How to Cook Scallops
Whether you’re sautéing, baking, or grilling them, scallops are an easy—and delicious—seaside staple to prepare.
Small but mighty, scallops are a buttery, sweet, and incredibly versatile seafood treasure. No matter what kind you have—bay scallops or sea scallops—or how you prepare them, these bivalves will bring flavor and a bit of restaurant elegance to your plate. You can buy them by the pound at your local seafood market, or dive for your own. Here, we explain how to cook scallops three ways, and we even include a recipe for each to get you started.
How to Sauté Scallops
When you’re sautéing scallops on the stovetop, make sure to pat them dry before seasoning with salt and pepper or your herb and spice combo of choice. A dry surface is necessary to develop a delicious crust in the hot heat of a pan. Warm butter or extra-virgin olive oil (we recommend using a tablespoon of either) in a large, heavy skillet, like cast iron, over medium-high heat, and sear scallops for two minutes on each side. Once you remove them from the heat, make sure to cover the scallops so that they stay warm before serving.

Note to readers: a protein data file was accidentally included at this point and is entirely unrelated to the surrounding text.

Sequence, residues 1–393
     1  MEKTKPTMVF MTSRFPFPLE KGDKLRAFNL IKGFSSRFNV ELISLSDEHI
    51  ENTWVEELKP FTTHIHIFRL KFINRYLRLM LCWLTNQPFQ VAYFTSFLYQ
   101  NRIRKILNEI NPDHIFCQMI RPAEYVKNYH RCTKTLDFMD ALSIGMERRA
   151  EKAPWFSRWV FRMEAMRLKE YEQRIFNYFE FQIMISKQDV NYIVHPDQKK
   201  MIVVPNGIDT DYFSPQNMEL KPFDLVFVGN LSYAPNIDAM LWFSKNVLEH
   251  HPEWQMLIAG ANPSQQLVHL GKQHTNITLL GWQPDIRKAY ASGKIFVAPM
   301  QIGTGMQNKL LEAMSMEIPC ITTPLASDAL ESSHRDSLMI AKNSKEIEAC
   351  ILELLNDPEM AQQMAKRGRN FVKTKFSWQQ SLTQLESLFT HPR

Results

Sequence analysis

How to Bake Scallops
Recipe: Baked Scallops au Gratin
To bake scallops, start by lightly greasing a baking dish (for a half pound of scallops, use a one-quart dish) with extra-virgin olive oil. For scallops au gratin, coat the scallops in panko breadcrumbs, butter, lemon juice, and garlic. Bake at 425°F for 15 minutes. The scallops will turn opaque when they're done.
RELATED: 28 Delicious Scallop Recipes
How to Grill Scallops
Recipe: Scallops with Mango Vinaigrette
When you’re grilling scallops, let the grill heat up thoroughly. Otherwise, the scallops will stick and tear when you try to turn them. Before grilling, toss scallops with a tablespoon of extra-virgin olive oil and sprinkle with your seasoning of choice. If you’re trying to keep it simple, we recommend using salt and pepper. Grill over medium-high heat for two minutes on each side. The edges will become opaque when done.